Looping tail call

This is a discussion on Looping tail call within the C Programming forums, part of the General Programming Boards category; Code: foo( bar ) { ... while( bar ) foo( bar-- ); } It's not quite tail recursive, but can ...

  1. #1
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    Looping tail call

    Code:
    foo( bar ) {
     ...
     while( bar )
      foo( bar-- );
    }
    It's not quite tail recursive, but can it be converted to a loop?

  2. #2
    Woof, woof! zacs7's Avatar
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    Yes, but what you've written is infinite recursion, unless "..." changes the value of bar.

    Write a small test program and enjoy the segfault.

  3. #3
    spurious conceit MK27's Avatar
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    Quote Originally Posted by @nthony View Post
    It's not quite tail recursive, but can it be converted to a loop?
    Why "not quite"?

    Anyway it'd be safer as a loop
    Code:
    while (foo(bar(..._));
    C programming resources:
    GNU C Function and Macro Index -- glibc reference manual
    The C Book -- nice online learner guide
    Current ISO draft standard
    CCAN -- new CPAN like open source library repository
    3 (different) GNU debugger tutorials: #1 -- #2 -- #3
    cpwiki -- our wiki on sourceforge

  4. #4
    (?<!re)tired Mario F.'s Avatar
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    As already pointed out, you have an infinite recursion there. The solution to the bug will also make it tail recursive:

    Code:
    if ( bar )
        foo ( --bar );
    Only other thing left to ask is if you realize the implications of the while loop in your recursion.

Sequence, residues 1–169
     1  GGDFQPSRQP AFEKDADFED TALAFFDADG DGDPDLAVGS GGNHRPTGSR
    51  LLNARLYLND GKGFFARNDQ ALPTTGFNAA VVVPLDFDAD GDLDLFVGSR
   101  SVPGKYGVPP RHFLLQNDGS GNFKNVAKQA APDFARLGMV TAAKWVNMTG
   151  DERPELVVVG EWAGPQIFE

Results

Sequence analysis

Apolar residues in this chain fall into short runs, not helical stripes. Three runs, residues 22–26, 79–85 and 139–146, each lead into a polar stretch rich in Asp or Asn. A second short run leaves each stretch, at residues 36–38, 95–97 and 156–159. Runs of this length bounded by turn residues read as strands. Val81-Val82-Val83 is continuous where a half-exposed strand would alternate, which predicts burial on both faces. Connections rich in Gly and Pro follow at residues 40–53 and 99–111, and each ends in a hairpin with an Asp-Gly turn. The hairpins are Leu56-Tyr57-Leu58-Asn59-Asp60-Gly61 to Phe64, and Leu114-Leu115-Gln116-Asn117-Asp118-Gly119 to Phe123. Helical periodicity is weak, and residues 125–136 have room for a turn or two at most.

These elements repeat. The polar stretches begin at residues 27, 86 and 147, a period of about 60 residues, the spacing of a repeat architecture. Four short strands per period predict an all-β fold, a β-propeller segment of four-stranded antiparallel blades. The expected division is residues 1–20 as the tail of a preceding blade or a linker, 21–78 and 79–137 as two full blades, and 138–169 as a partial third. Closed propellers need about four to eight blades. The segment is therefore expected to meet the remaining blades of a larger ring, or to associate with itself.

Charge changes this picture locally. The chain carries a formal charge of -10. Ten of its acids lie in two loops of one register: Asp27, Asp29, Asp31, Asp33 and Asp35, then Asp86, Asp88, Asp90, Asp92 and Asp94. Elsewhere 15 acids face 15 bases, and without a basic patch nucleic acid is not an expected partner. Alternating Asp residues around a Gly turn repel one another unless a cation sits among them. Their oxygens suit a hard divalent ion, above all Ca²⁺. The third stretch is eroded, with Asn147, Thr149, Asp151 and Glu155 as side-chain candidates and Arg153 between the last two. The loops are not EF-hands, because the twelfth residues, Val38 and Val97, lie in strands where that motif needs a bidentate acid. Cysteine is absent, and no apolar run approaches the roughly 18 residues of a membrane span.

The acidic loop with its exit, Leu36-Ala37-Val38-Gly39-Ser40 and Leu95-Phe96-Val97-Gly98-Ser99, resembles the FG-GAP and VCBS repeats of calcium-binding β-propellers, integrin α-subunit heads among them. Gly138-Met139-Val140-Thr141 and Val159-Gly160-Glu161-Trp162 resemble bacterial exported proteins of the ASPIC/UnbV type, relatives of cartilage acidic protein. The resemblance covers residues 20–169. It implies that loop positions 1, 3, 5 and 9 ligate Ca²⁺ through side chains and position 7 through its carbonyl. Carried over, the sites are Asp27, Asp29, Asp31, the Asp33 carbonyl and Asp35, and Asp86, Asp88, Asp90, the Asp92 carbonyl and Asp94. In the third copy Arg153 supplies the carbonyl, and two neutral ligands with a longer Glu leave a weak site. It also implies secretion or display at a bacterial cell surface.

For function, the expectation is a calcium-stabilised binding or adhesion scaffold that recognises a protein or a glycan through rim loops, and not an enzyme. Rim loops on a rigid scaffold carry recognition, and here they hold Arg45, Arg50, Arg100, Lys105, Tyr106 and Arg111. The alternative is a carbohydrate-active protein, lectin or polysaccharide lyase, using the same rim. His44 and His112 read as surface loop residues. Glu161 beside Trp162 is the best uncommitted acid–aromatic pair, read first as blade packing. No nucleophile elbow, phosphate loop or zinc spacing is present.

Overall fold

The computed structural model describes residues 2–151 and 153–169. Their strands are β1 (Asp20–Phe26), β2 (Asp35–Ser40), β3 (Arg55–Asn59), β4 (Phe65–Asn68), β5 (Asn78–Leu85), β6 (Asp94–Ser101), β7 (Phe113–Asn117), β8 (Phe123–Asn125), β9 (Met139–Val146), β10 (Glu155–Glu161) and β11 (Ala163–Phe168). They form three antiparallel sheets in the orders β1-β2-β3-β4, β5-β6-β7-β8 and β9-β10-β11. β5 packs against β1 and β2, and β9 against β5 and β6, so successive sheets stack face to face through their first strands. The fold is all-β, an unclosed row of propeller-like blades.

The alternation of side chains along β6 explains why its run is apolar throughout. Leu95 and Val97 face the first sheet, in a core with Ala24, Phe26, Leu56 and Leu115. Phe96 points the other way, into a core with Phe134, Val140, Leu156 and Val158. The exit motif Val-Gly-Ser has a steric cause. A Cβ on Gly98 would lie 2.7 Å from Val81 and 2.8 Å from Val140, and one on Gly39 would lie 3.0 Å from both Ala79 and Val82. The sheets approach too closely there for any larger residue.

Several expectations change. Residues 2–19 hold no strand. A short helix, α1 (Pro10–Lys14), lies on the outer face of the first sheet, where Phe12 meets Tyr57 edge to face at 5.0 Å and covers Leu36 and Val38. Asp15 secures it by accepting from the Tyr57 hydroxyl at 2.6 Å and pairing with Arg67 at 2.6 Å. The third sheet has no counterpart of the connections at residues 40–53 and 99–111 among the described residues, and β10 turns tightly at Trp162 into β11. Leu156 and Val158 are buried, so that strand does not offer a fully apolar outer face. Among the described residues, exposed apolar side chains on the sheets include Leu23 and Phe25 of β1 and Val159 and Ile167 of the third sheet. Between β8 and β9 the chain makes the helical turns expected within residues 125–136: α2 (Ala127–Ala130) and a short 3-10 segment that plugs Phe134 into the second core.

The programmer’s wife tells him: “Run to the store and pick up a loaf of bread. If they have eggs, get a dozen.”
    The programmer comes home with 12 loaves of bread.


    Originally Posted by brewbuck:
    Reimplementing a large system in another language to get a 25% performance boost is nonsense. It would be cheaper to just get a computer which is 25% faster.

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    sorry, the while condition should read "--bar"

    @MK27, Mario: it's not "quite" recursive due to the last statement not being a recursive call, but in fact an iteration of a recursive call.
    "if( bar )" does not iterate, and "while (foo(bar(..._))" doesn't seem to make any sense? (it neglects a large part of what foo does and foo returns void!)

    @Mario: here's the rationale - I need to generate XML nodes based on an internal tree representation I have. This can be accomplished easily via recursion:
    Code:
    void addNodeRecursive( Node n, Tree t )
     if t is leaf
      n.content = t.value;
     else
      Node tag;
      tag.name = t.name;
      for each child in t.children
       addNodeRecursive( tag, child )
      n.addChild( tag );
    But I think there must be a more efficient way using iteration. My attempt was:
    Code:
    Node n = root;
    Tree trees[] = {myTree};
    do {
     Node tag = null;